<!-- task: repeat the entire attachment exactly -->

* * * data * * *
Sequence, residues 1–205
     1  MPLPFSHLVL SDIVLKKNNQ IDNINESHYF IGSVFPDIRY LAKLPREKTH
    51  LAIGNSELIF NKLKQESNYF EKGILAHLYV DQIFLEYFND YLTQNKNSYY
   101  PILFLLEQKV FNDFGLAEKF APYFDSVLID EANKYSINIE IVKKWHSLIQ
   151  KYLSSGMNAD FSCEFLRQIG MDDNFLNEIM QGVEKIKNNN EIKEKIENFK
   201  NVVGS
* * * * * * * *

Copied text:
Sequence, residues 1–205
     1  MPLPFSHLVL SDIVLKKNNQ IDNINESHYF IGSVFPDIRY LAKLPREKTH
    51  LAIGNSELIF NKLKQESNYF EKGILAHLYV DQIFLEYFND YLTQNKNSYY
   101  PILFLLEQKV FNDFGLAEKF APYFDSVLID EANKYSINIE IVKKWHSLIQ
   151  KYLSSGMNAD FSCEFLRQIG MDDNFLNEIM QGVEKIKNNN EIKEKIENFK
   201  NVVGS